Your eyes contain a natural lens, the clear part of the eye behind the colored iris. The lens is responsible for gathering and focusing light, bending the path of light to focus on the retina in the back of the eye. The retina converts the light into nerve impulses that are transmitted to the brain through the optic nerve.
The lens is mostly made of water and protein. As you age, some of the protein begins to clump together and cloud a small area of the lens, forming a cataract. Over time, it may grow larger and cloud more of the lens, making it harder to see. There are a few types of cataracts. Some develop slowly over decades. Others proceed rapidly to obscure vision.
Cataracts are more common as you age, in diabetics, and in patients with glaucoma. Cataract surgery is the only way cataracts can be removed. They cannot be treated with glasses, contacts, or LASIK procedures. If left untreated, cataracts can cause blindness.
Cataract surgery is the most frequently performed surgery in the U.S., with nearly 4 million procedures performed each year. For most people, cataract surgery can restore their vision to between 20/20 and 20/40.
During cataract surgery, your ophthalmologist will create a very small opening in the cornea to access and remove the cloudy lens and replace it with an artificial lens implant called an intraocular lens, or IOL.
Cataract surgeries are among the safest surgical procedures completed today and offer patients much better visual acuity. Thanks to the use of preoperative surface optimization and advanced measurement technology, the surgery is more predictable and accurate than ever before.
Cataract surgery has evolved dramatically over the years. One of the most innovative recent advances is the use of a femtosecond laser – the same type of laser used in LASIK surgery – to perform certain parts of cataract surgery:
- Making an incision in the cornea to reach the lens
- Opening the front portion of the lens capsule to access the cataract
- Breaking up the cataract into smaller, softer pieces for easier control and removal
Once the cataract has been broken up, laser cataract surgery allows the surgeon to use a lower level of ultrasound energy to remove the cataract.
Using a laser instead of the traditional ultrasonic tools has many advantages for both the surgeon and the patient. Laser-assisted cataract surgery can improve the speed of recovery from cataract surgery with minimal risks. The laser may improve your visual outcome.
To find out if you’re a candidate for this revolutionary procedure, make an appointment with one of our board-certified ophthalmologists at Jaffe Eye Institute.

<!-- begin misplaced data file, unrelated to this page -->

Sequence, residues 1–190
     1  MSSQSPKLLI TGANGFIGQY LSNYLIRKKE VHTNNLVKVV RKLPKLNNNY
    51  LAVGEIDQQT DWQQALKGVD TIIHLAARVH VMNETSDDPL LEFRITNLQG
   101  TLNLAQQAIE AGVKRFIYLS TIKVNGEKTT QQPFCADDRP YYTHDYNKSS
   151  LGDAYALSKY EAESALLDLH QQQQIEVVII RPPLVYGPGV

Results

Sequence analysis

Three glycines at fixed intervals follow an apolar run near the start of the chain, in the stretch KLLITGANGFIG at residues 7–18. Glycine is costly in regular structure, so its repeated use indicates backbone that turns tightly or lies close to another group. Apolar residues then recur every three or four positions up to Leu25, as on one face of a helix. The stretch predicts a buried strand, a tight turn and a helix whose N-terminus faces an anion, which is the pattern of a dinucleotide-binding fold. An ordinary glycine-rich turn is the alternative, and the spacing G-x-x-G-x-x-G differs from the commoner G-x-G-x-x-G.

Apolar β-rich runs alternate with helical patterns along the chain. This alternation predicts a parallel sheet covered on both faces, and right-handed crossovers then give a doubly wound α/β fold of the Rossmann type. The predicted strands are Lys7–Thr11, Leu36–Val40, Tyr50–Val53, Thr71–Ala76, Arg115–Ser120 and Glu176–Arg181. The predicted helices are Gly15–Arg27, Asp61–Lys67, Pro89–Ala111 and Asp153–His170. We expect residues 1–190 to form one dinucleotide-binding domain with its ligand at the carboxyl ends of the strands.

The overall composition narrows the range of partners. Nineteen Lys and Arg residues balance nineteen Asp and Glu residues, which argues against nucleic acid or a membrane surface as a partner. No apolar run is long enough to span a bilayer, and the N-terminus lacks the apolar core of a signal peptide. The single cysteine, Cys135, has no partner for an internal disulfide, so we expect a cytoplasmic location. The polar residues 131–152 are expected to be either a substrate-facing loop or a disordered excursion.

The physicians of Jaffe Eye Institute have a long history in lens replacement. Our founder, Dr. Norman Jaffe, was one of the first three surgeons in the country to begin using lens implants back in the 1960s and has since led physicians across the United States and the world in this practice.
Before your surgery, your eye doctor will evaluate the shape of your eye to determine any nearsightedness, farsightedness, or astigmatism that might be present. The curve and shape of your eye must be measured to help your doctor choose the correct strength lens to implant so you can see as well as possible.
Many patients benefit from the placement of special intraocular lenses (IOLs), a type of artificial lens implant that replaces the eye's natural lens when it is removed during cataract surgery. IOLs can eliminate the need for reading glasses by providing a greater range of vision afterward. It is like two procedures in one, as you get both vision correction and removal of the old, degenerated lens.
Lens technology is continually advancing, and patients now have more choices than ever when it comes to selecting what type of lens will be used during their cataract surgery. Your eye doctor will help you choose the best IOL for your visual needs, which depends on multiple factors, including your lifestyle (occupation, hobbies, etc.).
At Jaffe Eye Institute, we are proud to offer some of the best lens options on the market today including the toric IOL's, which is ideal for patients with cataracts and astigmatism; and the Tecnis Symfony® lens, which increases the range of clear vision after cataract surgery. We are impressed how many of our patients are reducing or eliminating the need for eyeglasses through the choice of the Toric and Symfony lenses. They have great benefits and very low side effects.
The Tecnis Symfony® intraocular lens (IOL) is good news for people with cataracts and those who may have presbyopia, a condition that causes nearby objects to become blurry. Approved by the FDA in July 2016, this lens is the first in a new category. It expands the range of vision using diffractive optics in a different way than earlier multifocal lenses.
The side effects are similar to traditional IOLs, while patients enjoy an extended range of vision that allows many to be free from glasses. Another version of the lens, the Tecnis Symfony Toric IOL, corrects astigmatism as well.
Many of our patients opt for this lens, as it effectively improves both nearsighted and farsighted vision, decreasing the need for glasses following cataract surgery.